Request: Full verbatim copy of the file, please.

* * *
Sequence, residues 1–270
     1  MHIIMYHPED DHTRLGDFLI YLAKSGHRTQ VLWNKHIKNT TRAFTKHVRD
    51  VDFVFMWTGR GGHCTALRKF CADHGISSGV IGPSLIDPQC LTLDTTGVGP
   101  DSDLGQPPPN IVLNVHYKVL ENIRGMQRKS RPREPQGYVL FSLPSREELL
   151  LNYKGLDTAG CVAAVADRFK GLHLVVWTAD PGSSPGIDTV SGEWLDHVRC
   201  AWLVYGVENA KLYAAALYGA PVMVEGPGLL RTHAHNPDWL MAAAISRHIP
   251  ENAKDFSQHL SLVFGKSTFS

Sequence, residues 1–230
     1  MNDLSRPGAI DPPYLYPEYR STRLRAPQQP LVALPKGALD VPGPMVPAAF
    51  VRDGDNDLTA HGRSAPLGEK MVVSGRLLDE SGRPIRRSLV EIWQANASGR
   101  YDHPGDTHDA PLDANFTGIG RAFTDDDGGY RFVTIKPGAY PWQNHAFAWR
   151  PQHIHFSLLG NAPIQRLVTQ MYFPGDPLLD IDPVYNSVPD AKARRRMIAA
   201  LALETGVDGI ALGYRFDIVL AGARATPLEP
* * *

Sequence, residues 1–270
     1  MHIIMYHPED DHTRLGDFLI YLAKSGHRTQ VLWNKHIKNT TRAFTKHVRD
    51  VDFVFMWTGR GGHCTALRKF CADHGISSGV IGPSLIDPQC LTLDTTGVGP
   101  DSDLGQPPPN IVLNVHYKVL ENIRGMQRKS RPREPQGYVL FSLPSREELL
   151  LNYKGLDTAG CVAAVADRFK GLHLVVWTAD PGSSPGIDTV SGEWLDHVRC
   201  AWLVYGVENA KLYAAALYGA PVMVEGPGLL RTHAHNPDWL MAAAISRHIP
   251  ENAKDFSQHL SLVFGKSTFS

Sequence, residues 1–230
     1  MNDLSRPGAI DPPYLYPEYR STRLRAPQQP LVALPKGALD VPGPMVPAAF
    51  VRDGDNDLTA HGRSAPLGEK MVVSGRLLDE SGRPIRRSLV EIWQANASGR
   101  YDHPGDTHDA PLDANFTGIG RAFTDDDGGY RFVTIKPGAY PWQNHAFAWR
   151  PQHIHFSLLG NAPIQRLVTQ MYFPGDPLLD IDPVYNSVPD AKARRRMIAA
   201  LALETGVDGI ALGYRFDIVL AGARATPLEP